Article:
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Harvard Amicus Brief Moot After New Travel Ban

Harvard filed an amicus brief last week opposing President Donald Trump’s immigration order, a legal move quickly made moot after Trump issued a new executive order replacing his previous efforts.

Filed September 18, 2017, the brief was intended for the Supreme Court before the justices cancelled a hearing on Trump’s immigration order once he replaced it.

“The Order contradicts the values that American colleges and universities have traditionally touted as benefits of studying and working here, including the freedom of religion and equality embodied in the First and Fourteenth Amendments,” the brief, signed by more than 30 schools, reads.

Trump issued his new immigration order, which indefinitely bans travel to the United States from seven countries, on Sunday. It is the president’s most recent attempt to restrict immigration into the United States: His first two orders drew repeated legal scrutiny, and several judges had blocked them before the Supreme Court decided to hear arguments on their legality.

Copley Protest
Demonstrators hold signs opposing President Donald Trump's first immigration ban in January.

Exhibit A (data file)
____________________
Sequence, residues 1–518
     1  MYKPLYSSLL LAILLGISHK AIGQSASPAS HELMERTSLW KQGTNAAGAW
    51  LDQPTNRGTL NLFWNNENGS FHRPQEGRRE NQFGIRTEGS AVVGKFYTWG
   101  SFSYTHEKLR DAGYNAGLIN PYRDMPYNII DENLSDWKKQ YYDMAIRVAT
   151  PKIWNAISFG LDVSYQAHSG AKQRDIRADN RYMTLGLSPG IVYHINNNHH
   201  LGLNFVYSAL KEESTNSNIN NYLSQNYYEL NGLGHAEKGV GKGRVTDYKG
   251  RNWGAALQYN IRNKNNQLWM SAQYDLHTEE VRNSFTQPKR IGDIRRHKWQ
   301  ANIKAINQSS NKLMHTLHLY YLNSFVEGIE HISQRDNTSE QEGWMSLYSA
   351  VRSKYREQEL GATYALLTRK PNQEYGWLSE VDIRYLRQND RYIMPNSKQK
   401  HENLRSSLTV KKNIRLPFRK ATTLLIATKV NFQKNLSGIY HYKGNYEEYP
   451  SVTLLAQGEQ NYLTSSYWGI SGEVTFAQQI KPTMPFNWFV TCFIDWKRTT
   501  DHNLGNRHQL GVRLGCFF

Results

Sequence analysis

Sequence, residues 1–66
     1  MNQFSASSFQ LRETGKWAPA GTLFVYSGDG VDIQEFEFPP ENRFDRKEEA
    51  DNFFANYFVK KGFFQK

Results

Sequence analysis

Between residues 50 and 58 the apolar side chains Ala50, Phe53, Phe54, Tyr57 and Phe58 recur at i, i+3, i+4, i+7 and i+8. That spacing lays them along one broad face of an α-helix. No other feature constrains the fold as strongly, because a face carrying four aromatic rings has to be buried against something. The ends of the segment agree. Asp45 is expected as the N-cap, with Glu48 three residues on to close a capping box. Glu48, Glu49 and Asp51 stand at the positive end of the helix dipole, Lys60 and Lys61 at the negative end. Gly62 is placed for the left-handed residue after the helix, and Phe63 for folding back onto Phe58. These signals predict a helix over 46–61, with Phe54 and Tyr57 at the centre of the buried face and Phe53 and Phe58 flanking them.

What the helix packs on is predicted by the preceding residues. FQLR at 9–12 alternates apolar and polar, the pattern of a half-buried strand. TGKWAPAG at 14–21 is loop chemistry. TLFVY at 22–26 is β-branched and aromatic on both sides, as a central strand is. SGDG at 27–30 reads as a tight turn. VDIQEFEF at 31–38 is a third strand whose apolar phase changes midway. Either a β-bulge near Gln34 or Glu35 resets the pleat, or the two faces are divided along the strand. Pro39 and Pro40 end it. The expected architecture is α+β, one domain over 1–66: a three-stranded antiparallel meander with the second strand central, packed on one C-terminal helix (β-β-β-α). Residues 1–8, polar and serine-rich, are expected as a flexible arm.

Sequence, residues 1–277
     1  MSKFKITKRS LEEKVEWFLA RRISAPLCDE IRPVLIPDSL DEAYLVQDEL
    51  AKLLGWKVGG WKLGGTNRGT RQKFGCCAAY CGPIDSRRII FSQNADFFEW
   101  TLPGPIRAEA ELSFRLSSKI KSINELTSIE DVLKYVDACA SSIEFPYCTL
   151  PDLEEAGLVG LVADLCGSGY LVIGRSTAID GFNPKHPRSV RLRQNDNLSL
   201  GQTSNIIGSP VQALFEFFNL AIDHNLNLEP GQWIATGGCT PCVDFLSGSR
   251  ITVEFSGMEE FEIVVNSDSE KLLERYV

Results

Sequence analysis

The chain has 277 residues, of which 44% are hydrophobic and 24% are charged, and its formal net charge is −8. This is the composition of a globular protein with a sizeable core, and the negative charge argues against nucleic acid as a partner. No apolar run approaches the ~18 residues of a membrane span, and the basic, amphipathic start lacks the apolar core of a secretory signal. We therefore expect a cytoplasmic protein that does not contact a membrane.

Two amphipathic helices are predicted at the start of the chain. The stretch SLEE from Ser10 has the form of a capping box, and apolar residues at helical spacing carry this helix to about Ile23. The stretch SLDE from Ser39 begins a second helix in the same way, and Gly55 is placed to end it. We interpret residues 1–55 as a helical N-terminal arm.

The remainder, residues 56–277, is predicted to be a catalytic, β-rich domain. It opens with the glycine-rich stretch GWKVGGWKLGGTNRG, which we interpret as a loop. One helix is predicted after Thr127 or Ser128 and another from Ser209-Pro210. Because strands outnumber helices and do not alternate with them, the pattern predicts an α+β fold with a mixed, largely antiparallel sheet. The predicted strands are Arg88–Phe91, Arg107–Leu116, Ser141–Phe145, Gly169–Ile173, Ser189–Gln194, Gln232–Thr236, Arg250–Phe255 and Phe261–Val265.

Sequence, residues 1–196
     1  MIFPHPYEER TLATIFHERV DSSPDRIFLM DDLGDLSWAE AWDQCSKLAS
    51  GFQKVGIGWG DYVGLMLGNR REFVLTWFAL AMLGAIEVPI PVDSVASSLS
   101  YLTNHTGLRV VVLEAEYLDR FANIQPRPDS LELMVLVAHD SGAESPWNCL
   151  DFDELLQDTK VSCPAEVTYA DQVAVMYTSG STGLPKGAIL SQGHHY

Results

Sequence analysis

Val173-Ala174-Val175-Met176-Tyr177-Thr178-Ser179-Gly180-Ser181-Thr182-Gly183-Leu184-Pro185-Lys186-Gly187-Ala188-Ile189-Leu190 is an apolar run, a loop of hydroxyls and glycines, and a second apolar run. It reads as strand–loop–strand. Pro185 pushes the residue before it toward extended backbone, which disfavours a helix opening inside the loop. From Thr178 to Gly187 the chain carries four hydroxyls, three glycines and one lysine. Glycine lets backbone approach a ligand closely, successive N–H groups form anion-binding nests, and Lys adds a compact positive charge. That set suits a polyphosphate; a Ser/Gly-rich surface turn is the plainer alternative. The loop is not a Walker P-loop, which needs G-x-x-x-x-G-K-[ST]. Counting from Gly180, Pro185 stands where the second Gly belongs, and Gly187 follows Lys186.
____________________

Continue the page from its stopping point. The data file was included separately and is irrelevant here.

With Sunday’s new ban, the justices cleared the case from their calendar. Both sides will submit briefs by October 5 presenting arguments about whether the Supreme Court should still decide on this case or dismiss it.

Trump’s current ban targets most citizens of Iran, Libya, Syria, Yemen, Somalia, Chad and North Korea, and, unlike his previous orders, is permanent.

Harvard has repeatedly opposed Trump’s executive orders on immigration, filing a number of amicus briefs to argue that they hinder the University’s ability to attract talented scholars from across the world. Trump’s original ban temporarily prevented at least four Harvard affiliates from entering the country.

Some Harvard groups have also issued responses to the new executive order. Harvard’s International Office updated its website to offer advice to international students in light of the new ban.

Describing the ban’s aftermath as “a very fluid situation,” the message on the website urges international affiliates to consult their International Office advisers before going abroad.

—Staff writer Caroline S. Engelmayer can be reached at caroline.engelmayer@thecrimson.com. Follow her on Twitter @cengelmayer13.

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